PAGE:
Sunday, April 6, 2014

April, finally!


April is finally here and, with it, there have been (thankfully!) a few more long-in-coming days of sun and warmth. Not yet a normal spring, but beggars can't be choosers.

Looking forward to when we'll actually be able to use it, last weekend my husband cleared our porch, converting it back into something appropriate for human use after it spent the entire winter as a "homeless cat camp" we created for Hester, the feral cat we trapped and had spayed last spring and whose kittens we trapped and delivered to the rescue that sterilized her.

Hester was a little confused about the change but we're both very happy that the porch (which she was used to this way before this horrid winter began and made it necessary for us to creatively contrive shelter to keep her safe at -40 windchill) is ready for warmer weather, if it ever really comes.

In the meantime, my husband built a small home for Hester, which she has yet to use, but which we hope she'll get used to after she realizes it's not a trap.

Lance also brought out our dining set into the patio, which is also there for when we're able to have dinner "in the veranda," as he likes to say. This is all helping us to look forward to what should inevitably come.

Meanwhile, the beautiful bright yellow tulips he gave me after I got out of the hospital two weeks ago, held on strong. I can't wait for our own tulips and forsythia and daffodils to bloom!


Also, last weekend (I'm a little behind here), Lance made his world-famous pizza with my homemade dough. He made two kinds, one deep-dish veggie for him and one thin-crust with pepperoni for me. And a small loaf of bread. This time we decided to use the recipe for artisan bread as our dough and it worked out well.

Healthwise, I've had two other "scares" with my AFib, this past week and one today, but they eventually resolved themselves with the emergency medication. I see the specialist again on the 21st and will be wearing the heart monitor until the 14th so we'll see what he says.

The good thing with this situation is that I'm making the very best of any and every minute in which I feel normal. It's a feeling to treasure because it can be so evanescent, and that allows me to live very much in the present. That is a good thing, indeed.

Saturday, March 29, 2014

Springtime in Ohio

It's hard to reconcile with the fact that, though we're almost to the end of March, it's snowing outside. This winter just won't let go! Our favorite peach orchard here in Ohio recently announced on Facebook that the hard freeze we had thanks to the Polar Vortex killed off its trees so there will be no peach harvest this year. That's is so sad since those are the best peaches ever, from anywhere.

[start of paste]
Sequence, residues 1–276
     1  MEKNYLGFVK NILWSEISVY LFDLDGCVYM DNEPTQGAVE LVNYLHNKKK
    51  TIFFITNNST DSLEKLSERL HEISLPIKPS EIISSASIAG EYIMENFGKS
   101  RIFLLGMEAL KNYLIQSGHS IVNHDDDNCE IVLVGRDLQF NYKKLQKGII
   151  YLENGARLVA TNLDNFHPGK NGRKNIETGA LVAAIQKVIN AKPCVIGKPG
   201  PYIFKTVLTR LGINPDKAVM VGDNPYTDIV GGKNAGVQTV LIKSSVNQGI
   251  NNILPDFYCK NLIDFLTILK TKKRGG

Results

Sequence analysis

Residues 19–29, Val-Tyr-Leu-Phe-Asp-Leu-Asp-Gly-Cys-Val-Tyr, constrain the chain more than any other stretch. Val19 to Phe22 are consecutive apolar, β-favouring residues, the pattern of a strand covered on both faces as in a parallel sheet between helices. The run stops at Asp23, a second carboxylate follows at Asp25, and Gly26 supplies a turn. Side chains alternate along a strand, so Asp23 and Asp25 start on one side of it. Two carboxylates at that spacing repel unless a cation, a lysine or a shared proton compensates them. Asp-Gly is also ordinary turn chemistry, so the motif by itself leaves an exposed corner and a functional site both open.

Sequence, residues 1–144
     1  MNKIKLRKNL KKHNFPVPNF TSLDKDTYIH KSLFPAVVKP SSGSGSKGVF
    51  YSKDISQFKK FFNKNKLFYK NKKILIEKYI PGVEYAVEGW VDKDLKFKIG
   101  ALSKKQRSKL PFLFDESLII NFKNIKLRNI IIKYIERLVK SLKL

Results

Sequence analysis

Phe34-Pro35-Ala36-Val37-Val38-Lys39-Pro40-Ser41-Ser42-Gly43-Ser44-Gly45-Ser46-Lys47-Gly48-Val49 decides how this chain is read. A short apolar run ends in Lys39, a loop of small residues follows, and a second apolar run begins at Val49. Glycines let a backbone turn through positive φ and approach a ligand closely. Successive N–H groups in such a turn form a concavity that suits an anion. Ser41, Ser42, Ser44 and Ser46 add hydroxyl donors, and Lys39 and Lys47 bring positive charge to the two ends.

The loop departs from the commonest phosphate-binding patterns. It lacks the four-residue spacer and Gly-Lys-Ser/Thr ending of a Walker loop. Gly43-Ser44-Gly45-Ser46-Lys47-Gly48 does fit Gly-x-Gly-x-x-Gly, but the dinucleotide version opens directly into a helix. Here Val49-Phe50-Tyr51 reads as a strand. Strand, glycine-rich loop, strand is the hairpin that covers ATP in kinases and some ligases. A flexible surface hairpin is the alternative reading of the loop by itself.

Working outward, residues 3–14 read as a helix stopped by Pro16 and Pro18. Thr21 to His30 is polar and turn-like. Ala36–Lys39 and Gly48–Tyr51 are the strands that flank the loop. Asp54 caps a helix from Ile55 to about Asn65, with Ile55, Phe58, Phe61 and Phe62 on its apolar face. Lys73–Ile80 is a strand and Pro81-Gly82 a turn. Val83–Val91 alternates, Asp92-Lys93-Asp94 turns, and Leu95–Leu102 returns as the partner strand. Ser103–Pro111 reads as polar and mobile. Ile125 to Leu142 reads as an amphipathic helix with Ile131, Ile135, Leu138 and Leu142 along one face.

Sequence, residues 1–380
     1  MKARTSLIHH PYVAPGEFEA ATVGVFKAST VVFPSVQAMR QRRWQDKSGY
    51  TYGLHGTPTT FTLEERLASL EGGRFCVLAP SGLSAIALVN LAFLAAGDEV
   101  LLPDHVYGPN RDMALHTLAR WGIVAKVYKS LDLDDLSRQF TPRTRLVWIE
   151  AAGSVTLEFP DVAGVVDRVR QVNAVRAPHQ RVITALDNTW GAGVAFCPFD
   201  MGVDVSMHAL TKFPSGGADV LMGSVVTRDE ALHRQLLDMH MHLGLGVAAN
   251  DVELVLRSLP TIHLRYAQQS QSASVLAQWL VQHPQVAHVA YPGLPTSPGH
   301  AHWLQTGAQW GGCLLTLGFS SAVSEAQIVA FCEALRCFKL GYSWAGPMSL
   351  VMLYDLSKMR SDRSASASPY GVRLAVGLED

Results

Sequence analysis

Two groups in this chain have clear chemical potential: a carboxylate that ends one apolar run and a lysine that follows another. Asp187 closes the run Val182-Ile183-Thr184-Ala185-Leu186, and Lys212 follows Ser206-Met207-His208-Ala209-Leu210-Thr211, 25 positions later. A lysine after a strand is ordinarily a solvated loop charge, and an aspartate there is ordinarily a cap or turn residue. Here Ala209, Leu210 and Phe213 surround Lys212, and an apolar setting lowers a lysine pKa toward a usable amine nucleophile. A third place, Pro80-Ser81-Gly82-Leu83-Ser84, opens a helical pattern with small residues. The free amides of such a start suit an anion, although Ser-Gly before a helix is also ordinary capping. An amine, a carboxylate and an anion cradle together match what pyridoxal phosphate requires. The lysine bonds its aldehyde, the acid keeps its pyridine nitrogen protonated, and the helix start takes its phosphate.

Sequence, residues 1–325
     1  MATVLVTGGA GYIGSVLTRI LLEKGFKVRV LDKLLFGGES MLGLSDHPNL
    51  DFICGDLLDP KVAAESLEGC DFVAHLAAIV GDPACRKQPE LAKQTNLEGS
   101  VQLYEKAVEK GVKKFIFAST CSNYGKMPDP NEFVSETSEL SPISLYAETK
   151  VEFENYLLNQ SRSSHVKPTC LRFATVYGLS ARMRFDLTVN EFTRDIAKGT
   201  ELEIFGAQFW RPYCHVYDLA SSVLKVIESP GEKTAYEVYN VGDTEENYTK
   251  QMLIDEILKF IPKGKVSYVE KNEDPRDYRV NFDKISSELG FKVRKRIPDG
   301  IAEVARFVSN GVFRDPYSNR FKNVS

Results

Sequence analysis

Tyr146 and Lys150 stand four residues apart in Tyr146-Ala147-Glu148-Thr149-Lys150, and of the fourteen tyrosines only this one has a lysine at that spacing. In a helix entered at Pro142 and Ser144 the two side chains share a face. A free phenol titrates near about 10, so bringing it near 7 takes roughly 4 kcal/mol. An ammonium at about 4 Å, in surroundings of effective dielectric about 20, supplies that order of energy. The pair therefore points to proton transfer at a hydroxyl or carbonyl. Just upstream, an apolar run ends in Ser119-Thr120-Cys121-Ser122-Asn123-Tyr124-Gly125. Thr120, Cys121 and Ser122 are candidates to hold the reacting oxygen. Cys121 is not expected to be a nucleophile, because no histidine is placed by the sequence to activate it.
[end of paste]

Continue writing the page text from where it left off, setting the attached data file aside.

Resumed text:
I'm ready to start screaming and running for the hills (though my husband likes to point out that the weather would be even colder at an altitude) any minute now if this weather doesn't take a sharp turn for the better. Thirteen years in Ohio and I'm definitely not used to, and never will my Caribbean soul get used to six months of winter.

On a brighter side, I did get out of the hospital a week ago today and, except for another scare on Monday that eventually resolved itself without an ER visit, all has been quiet on this front. I'm afraid to even whisper it since these arrhythmias are so unpredictable but so far, so good. Feeling normal is priceless and, I have to say, that this situation has given me an even greater appreciation for the days I feel well.

Because things have been as they've been, the 12th anniversary of the surgery at the Cleveland Clinic that saved my life went unremarked and uncelebrated this past week on March 25. But I'm ever grateful that my husband got a job in Ohio 13 years ago and that it allowed me to get to the place where they were able to give me this second chance at life. It's a good reminder that every day, really, should be lived as if it were our last, even if it's just to be grateful for the good and the bad.

In not-so-good news, after my post-second-ablation scare on Monday, the new doctor scheduled a third ablation, this time an AFib Ablation, which is more complicated and dangerous than the other two I've already had. I don't really want to spend a lot of time thinking about it since it only produces anxiety but, maybe, just maybe, this third time will be the charm and I will regain some normalcy again, just like I did after that other surgery more than a decade ago. This next ablation is in May so maybe that will be another anniversary to mark and celebrate. We can only hope and pray it is so.

Friday, March 21, 2014

Cultivating patience